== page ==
Colin Mak, CPA

Are you looking for a commercial bank loan for your company? In order to obtain the loan, the bank is going to require a lot from you. It is likely that you will be required to produce audited financial statement for your business. To help you get organized for a financial audit and successfully obtain that loan, here are some guidelines and suggestions to help you
get prepared:

What You Need to Know

To get your financial statements audited, your company will engage an audit firm to provide the service. Auditors from the firm
will generally come to your place of business and require full access to your financial records.

The auditor will:

  1. Talk to management and employees to gain an understanding of your organization.
  2. Evaluate and perform walk-through of your organization’s internal controls over financial reporting.
  3. Conduct physical inspection on tangible assets such as inventory and fixed assets.
  4. Perform analytical procedures on variances in account balances.
  5. Confirm significant account balances such as cash and accounts receivable with banks and customers.
  6. Test documentation supporting account balances and classes of transactions.

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2019 Tax Updates

By Jason Portner, CPA, MST

Jason Portner, CPA, MST

On December 22, 2017, the most sweeping tax legislation since the Tax Reform Act of 1986 was signed into law. The Tax Cut and Jobs Act of 2017 (often referred to as the TCJA) significantly reduces the federal
C-corporation income tax rate from 35% to 21% beginning in 2018. It also reduces income tax rates for most individuals, but simultaneously eliminates or limits many tax breaks. The act also provides a new tax deduction for owners of pass-through entities. Most changes to individual provisions take effect 1/1/2018 and expire on 12/31/2025. Here is an abbreviated list of the most important changes.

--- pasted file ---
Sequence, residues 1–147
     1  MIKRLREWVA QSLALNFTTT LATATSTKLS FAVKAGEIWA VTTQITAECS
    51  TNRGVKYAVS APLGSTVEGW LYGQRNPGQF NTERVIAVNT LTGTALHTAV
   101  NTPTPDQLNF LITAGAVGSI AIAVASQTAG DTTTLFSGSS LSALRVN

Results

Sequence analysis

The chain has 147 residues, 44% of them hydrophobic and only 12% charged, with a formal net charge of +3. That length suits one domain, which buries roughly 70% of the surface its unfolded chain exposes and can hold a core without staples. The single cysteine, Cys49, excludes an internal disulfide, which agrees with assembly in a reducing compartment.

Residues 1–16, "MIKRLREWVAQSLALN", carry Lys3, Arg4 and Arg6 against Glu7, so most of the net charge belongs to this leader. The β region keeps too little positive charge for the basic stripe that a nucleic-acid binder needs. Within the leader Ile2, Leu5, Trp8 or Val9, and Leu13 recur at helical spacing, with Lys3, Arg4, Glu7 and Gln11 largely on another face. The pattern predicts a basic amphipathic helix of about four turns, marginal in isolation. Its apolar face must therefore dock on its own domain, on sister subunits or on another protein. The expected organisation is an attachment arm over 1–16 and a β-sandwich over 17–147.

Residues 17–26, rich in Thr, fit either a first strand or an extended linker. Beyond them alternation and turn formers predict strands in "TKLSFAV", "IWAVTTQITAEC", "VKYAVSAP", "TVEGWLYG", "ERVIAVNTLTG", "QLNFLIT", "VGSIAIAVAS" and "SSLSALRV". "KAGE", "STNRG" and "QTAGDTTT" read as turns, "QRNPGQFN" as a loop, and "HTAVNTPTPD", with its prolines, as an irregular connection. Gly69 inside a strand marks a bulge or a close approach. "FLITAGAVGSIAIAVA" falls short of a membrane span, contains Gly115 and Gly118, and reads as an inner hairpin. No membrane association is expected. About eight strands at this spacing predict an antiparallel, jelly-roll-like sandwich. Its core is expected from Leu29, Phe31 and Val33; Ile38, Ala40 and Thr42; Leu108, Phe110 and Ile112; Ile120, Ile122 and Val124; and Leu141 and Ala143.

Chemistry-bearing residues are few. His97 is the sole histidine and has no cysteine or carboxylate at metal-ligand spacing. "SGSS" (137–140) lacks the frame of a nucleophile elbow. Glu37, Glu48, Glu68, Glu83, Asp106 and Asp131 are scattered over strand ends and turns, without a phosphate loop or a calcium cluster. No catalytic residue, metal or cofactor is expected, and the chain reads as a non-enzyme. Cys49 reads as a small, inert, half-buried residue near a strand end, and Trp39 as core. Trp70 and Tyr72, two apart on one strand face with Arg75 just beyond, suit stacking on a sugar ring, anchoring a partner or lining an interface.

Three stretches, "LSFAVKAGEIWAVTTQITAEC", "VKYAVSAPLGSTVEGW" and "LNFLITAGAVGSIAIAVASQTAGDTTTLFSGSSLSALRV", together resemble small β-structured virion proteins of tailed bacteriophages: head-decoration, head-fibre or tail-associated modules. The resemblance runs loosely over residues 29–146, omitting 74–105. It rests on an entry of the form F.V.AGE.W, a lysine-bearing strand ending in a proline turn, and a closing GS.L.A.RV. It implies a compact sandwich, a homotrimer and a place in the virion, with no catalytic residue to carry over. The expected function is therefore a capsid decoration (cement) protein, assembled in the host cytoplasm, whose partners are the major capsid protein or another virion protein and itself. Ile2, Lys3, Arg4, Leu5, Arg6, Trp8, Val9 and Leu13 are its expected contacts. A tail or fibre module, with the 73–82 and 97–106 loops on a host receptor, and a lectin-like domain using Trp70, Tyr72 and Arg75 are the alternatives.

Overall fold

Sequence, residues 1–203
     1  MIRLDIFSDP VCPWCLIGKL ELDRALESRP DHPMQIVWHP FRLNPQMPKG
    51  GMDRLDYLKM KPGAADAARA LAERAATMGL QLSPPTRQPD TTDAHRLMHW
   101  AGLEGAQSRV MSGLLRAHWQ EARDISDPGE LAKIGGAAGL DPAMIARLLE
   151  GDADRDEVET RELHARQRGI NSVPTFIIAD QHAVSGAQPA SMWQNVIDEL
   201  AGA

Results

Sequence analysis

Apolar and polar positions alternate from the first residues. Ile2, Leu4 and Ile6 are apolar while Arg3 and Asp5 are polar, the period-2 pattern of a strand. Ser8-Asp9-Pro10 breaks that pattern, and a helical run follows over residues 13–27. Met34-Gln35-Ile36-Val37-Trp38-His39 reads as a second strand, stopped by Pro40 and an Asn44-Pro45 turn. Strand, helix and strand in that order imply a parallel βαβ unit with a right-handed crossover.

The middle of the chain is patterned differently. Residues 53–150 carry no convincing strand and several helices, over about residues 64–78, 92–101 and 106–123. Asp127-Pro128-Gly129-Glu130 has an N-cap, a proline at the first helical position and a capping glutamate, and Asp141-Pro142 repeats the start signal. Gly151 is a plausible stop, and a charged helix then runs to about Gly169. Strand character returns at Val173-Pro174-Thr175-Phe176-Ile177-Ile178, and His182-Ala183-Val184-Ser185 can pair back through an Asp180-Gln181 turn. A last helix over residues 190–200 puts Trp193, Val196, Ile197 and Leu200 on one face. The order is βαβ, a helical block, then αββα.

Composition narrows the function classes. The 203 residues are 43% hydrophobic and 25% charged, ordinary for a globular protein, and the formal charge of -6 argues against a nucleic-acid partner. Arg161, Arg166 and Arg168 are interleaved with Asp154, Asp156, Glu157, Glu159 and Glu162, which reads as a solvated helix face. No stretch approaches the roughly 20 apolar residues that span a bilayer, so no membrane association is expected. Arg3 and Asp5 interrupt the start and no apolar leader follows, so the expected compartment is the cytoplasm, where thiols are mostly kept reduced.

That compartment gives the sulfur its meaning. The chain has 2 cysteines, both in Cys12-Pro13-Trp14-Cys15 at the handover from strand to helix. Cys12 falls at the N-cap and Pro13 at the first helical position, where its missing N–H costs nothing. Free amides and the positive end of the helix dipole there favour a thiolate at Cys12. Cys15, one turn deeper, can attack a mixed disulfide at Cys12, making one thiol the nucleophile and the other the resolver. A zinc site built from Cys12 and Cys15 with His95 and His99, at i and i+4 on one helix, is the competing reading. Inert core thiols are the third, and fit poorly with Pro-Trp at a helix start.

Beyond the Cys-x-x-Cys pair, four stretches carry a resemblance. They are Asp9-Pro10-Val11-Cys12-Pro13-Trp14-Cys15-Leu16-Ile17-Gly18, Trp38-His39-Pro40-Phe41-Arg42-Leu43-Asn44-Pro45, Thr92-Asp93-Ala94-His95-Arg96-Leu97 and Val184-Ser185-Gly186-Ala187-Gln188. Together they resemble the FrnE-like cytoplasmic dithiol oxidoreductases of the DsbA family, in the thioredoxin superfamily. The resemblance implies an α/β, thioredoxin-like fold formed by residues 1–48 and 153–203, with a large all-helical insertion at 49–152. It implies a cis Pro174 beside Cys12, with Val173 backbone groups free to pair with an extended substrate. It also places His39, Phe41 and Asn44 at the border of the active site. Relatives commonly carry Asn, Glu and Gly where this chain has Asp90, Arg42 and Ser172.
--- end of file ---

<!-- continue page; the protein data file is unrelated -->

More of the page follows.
Exemptions and Standard Deduction

Personal and dependent exemptions have been repealed as of 2018. In exchange, the Standard Deduction has roughly doubled compared to 2017 and a new dependent credit has been added.

The following deductions have been eliminated after 12/31/2017:

Moving Expenses, home equity interest, certain casualty losses, investment expenses, tax return preparation expenses, employee expenses, union dues, and safe deposit box expenses.

Alimony Deduction and the requirement to include Alimony Income—After 12/31/2017 have been eliminated, but existing alimony agreements have been grandfathered.

Mortgage Interest Deduction on purchases or improvements to a primary or secondary home—After 12/31/2017 they are limited to loans of $750,000 or less, but existing mortgages have been grandfathered.

State and Local Taxes Deduction—After 12/31/2017, it is limited to $10,000 annually.

Net Operating Losses (NOL)—For losses arising after 12/31/2017, the NOL deduction is limited to 80% of the taxpayer’s taxable income in the year the deduction is claimed. Most carrybacks are eliminated. Carryovers are allowed indefinitely.